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Scotch Pine, Pinus sylvestris



Authors as Published

Alex X. Niemiera, Professor, School of Plant and Environmental Sciences, Virginia Tech (first published February 2012, last reviewed March 2024)


Foliage: About 3 inches long; 2 needles per fascicle; evergreen
Height: About 50 feet
Spread: About 20 to 30 feet
Shape: Conical in youth; irregular at maturity

Main Features

Scotch pine is a medium tree. Like most pines, the first 20 or so years of its life it has a conical shape and with maturity it loses its lower limbs and has an irregular flat topped or oval shape. Scotch pine has a relatively showy orange colored bark (with the exception of the lower trunk). It is also relatively drought tolerant, thus it is suitable for landscape sites that tend to be dry. There are over 50 cultivars, and there is a great amount of variation (hardiness, form, needle length and color, and adaptability to climate and soil conditions) within the species. Scotch pine has a huge native range; it can be found from western Europe to western Asia, which explains the great amount of variation in the species.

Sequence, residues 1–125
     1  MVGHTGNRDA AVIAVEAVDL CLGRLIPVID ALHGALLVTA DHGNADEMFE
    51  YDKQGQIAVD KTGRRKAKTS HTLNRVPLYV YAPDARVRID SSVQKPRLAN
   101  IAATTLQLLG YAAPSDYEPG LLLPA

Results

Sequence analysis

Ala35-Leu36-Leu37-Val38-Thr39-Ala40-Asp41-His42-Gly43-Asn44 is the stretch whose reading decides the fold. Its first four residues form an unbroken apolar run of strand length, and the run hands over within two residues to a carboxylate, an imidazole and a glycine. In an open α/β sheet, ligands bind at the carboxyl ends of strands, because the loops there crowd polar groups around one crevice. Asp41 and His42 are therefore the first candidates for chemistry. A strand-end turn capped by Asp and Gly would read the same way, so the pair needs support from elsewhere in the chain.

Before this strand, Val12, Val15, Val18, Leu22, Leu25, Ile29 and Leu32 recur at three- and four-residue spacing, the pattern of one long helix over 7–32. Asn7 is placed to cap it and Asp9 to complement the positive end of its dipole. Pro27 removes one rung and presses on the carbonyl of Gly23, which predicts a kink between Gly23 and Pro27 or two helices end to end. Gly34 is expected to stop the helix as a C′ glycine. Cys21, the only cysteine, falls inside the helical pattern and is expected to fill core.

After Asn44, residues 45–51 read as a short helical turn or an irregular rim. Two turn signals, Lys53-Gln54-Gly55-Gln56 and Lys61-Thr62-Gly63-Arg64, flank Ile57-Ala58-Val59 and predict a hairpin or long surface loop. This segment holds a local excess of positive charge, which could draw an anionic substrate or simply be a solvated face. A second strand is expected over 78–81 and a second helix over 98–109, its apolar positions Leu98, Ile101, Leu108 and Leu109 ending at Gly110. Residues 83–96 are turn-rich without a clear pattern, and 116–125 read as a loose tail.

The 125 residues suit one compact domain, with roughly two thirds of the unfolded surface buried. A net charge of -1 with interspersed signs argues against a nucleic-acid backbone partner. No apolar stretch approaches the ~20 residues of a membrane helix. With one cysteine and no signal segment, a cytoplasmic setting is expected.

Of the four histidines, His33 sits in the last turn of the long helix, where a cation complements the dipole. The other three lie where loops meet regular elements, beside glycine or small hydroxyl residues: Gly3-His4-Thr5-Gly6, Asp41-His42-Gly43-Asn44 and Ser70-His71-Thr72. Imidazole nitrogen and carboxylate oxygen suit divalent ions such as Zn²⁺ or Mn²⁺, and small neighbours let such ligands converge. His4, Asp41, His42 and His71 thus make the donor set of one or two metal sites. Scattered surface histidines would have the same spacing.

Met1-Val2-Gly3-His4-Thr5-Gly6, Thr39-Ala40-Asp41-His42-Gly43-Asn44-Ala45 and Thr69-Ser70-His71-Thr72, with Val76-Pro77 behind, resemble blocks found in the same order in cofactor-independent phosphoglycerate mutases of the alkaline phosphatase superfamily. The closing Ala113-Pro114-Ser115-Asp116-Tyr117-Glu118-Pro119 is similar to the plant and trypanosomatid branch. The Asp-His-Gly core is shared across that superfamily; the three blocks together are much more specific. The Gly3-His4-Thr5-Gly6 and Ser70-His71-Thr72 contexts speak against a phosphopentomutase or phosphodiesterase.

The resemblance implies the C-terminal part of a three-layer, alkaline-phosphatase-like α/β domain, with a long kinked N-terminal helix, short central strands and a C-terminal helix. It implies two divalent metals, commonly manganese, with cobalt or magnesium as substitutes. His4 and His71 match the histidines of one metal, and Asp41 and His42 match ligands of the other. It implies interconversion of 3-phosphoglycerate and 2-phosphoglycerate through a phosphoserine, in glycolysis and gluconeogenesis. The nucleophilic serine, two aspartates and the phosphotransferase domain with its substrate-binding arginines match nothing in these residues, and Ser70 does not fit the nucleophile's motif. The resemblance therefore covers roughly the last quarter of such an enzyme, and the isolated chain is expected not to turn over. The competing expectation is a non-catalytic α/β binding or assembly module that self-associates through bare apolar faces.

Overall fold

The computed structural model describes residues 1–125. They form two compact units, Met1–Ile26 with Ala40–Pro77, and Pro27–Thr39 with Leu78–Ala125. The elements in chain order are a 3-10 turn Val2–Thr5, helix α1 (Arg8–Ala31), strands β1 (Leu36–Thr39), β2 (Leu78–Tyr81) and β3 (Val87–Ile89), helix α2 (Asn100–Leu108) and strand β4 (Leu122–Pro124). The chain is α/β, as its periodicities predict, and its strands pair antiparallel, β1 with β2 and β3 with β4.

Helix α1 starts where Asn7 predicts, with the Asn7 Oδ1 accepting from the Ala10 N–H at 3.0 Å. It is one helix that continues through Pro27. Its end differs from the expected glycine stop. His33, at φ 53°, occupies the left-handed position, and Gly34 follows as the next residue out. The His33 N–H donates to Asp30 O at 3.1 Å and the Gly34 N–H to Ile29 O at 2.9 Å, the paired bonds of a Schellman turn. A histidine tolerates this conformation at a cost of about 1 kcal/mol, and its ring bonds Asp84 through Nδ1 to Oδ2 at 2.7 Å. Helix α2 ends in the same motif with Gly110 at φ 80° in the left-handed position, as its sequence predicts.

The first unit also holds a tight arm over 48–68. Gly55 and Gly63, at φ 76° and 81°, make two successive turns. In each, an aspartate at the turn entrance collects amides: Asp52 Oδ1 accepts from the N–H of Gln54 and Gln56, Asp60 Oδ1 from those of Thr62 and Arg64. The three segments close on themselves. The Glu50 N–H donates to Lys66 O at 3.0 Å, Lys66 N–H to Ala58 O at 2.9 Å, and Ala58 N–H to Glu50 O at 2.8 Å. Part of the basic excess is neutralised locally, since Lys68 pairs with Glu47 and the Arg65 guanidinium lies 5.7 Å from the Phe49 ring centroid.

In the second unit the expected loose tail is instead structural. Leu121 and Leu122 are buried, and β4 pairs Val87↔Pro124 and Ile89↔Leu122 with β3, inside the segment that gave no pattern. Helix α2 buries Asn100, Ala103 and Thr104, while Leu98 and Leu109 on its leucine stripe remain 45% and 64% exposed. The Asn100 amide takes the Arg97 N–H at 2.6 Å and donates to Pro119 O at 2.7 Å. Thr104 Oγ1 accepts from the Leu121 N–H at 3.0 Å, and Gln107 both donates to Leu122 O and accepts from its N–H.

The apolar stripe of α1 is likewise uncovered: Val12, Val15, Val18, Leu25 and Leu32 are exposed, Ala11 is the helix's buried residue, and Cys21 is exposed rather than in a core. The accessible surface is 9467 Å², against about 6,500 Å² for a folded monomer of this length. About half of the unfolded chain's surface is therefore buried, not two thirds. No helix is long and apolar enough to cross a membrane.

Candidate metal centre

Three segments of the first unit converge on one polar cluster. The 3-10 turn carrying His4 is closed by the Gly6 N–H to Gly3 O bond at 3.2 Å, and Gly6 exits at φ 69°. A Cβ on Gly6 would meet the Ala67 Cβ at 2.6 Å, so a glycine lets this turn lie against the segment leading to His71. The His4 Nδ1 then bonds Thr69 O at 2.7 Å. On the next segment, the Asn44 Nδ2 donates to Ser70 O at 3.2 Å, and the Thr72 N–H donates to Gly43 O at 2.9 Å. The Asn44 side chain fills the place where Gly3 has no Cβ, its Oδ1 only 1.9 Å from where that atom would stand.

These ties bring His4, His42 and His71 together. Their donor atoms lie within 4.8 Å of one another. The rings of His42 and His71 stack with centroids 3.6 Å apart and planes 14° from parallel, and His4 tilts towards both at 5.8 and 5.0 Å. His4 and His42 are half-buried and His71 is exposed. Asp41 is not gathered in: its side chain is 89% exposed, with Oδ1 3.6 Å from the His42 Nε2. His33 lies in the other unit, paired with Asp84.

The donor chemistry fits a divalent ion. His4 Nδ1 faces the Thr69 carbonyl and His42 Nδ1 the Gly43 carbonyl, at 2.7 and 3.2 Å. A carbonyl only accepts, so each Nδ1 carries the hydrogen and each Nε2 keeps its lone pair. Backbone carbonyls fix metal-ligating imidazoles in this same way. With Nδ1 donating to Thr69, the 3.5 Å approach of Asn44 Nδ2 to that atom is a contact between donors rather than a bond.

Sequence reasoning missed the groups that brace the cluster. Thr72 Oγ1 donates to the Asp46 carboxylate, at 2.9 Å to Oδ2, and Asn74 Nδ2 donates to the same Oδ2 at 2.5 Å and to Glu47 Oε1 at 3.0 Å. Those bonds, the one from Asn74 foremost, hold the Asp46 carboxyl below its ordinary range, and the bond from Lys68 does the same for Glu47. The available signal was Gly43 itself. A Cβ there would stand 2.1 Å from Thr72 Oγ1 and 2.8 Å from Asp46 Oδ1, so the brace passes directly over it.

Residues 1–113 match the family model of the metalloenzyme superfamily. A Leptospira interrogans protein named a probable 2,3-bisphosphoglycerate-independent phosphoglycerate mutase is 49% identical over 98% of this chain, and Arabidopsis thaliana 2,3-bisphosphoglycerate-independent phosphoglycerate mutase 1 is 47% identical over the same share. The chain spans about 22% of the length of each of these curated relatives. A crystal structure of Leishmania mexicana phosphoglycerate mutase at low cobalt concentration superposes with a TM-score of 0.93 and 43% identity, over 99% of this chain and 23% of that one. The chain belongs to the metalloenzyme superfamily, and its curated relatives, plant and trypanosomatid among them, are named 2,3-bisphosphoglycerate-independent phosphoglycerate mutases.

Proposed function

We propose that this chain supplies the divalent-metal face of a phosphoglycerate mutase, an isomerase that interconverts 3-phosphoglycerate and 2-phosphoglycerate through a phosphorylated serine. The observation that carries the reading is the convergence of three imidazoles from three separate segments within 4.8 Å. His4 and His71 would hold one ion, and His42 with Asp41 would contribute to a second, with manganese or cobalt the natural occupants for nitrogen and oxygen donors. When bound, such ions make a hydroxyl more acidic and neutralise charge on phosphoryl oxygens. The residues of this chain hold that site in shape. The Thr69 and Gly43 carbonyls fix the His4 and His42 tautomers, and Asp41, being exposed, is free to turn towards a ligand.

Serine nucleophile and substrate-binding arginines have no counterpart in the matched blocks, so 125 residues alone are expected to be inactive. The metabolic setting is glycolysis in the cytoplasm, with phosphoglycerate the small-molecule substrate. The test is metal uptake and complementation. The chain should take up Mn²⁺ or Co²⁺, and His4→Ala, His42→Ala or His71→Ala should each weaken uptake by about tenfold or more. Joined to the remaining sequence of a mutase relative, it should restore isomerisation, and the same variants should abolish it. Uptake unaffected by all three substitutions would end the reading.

Plant Needs

Zone: 3 to 7 (may languish in the higher temperature regions of zone 7)
Light: Full sun
Moisture: Average to somewhat dry Soil type: Average to less than ideal pH range: Acid


Scotch pine can certainly serve as a specimen plant (sufficient attributes that allow it to be featured as a focal point) due to its mature picturesque (gnarly) form and orange bark.


Scotch pine is relatively carefree. However, there are a few pest problems (Sphaeropsis, a fungal disease; nematodes; and pine wilt fungus) that can pose problematic Scotch pine health issues. One should check with the local Extension agent or garden center personnel to determine the prevalence of these pests in your area.

Additional Information

Scotch pine is a popular Christmas tree species.

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Publication Date

March 6, 2024

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